SIBO: Small Intestinal Bacteria Overgrowth
What is it? What causes it? How do you test it? How do you treat it?
What Is It?
SIBO is a digestive disturbance which can be treated effectively only if diagnosed. The signs and symptoms associated with SIBO are very similar to those associated with IBS. Many of the signs and symptoms include the following:
- Abdominal pain
- Diarrhea and/or constipation
- Numerous food intolerances
- Abnormal stool contents
- Mucous in the stool
The small intestine and the large intestine vary considerably in terms of their function and their make-up. The small intestine typically has a small amount of bacteria, unlike the large intestine. Occasionally, the bacteria in the large intestine can migrate into the small intestine causing the symptoms listed above. Since many of the symptoms are consistent with IBS, testing for SIBO can assist physicians with an accurate diagnosis and comprehensive treatment plan.
What Causes It?
There are numerous reasons that could lead to this abnormal bacterial overgrowth. The list is long but is not limited to the following:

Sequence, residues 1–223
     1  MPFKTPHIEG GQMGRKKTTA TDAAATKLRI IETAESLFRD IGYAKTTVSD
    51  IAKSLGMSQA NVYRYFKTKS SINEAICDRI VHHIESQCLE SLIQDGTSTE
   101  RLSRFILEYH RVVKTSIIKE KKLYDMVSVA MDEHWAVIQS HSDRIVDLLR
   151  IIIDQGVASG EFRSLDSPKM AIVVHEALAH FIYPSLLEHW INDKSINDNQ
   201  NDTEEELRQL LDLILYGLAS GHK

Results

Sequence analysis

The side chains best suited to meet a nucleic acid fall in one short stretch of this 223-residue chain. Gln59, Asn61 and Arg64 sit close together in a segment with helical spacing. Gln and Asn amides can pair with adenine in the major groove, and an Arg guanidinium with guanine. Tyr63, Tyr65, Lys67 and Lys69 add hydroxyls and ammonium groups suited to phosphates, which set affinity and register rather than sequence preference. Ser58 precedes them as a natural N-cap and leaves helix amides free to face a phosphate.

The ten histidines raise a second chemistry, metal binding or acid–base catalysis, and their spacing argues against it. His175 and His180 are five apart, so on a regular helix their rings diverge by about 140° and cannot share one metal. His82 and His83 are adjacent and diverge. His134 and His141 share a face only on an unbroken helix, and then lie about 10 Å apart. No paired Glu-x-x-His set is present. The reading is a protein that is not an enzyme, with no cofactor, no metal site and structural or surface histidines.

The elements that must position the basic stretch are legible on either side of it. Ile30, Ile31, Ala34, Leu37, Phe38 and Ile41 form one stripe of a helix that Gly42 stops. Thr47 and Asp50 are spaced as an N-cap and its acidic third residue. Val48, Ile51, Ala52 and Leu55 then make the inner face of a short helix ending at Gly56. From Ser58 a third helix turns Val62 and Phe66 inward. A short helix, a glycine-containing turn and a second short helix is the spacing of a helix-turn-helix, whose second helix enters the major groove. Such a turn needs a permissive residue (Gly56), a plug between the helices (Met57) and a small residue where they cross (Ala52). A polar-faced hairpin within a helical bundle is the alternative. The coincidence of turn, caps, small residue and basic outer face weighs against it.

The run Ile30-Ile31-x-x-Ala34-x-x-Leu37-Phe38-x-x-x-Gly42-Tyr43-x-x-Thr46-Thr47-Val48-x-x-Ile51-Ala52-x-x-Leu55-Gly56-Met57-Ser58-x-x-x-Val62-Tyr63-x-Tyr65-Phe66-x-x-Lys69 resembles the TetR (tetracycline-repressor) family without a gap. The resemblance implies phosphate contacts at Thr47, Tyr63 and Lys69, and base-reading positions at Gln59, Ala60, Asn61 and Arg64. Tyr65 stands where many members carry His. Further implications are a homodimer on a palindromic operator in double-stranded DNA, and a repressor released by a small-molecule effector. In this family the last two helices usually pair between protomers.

- Low stomach acid and digestive enzymes
- Gall bladder issues
- Decreased healthy immune system and probiotics
- Past history of food poisoning, parasites
- Past history of antibiotic use
- Auto-immune disease
- Low thyroid function
- Past history of opiate pain relief use
- Immune deficiency syndromes
- Surgery/nerve damange, adhesions and scarring to the intestine
- History of use/treatment of proton pump inhibitors (stomach acid blockers)
How Do You Test It?
Testing should be completed via 2-3 of the following tests depending on your symptoms and your health history:
- SIBO Comprehensive Breath Testing
- Diagnostech’s Expanded GI Health Panel
- Other studies include barium swallow studies, endoscopy, x-ray and other imaging studies.
Your doctor will determine the best course of action needed and the necessary testing to be completed.
How Do You Treat It?
Numerous options are available for treatment and include options of pharmaceutical, herbal and nutrition/lifestyle treatments. The following are all options for treatment and management to prevent relapse:
- Antibiotic options
- Herbal antibiotic therapies
- Lifestyle management
- Nutrition protocols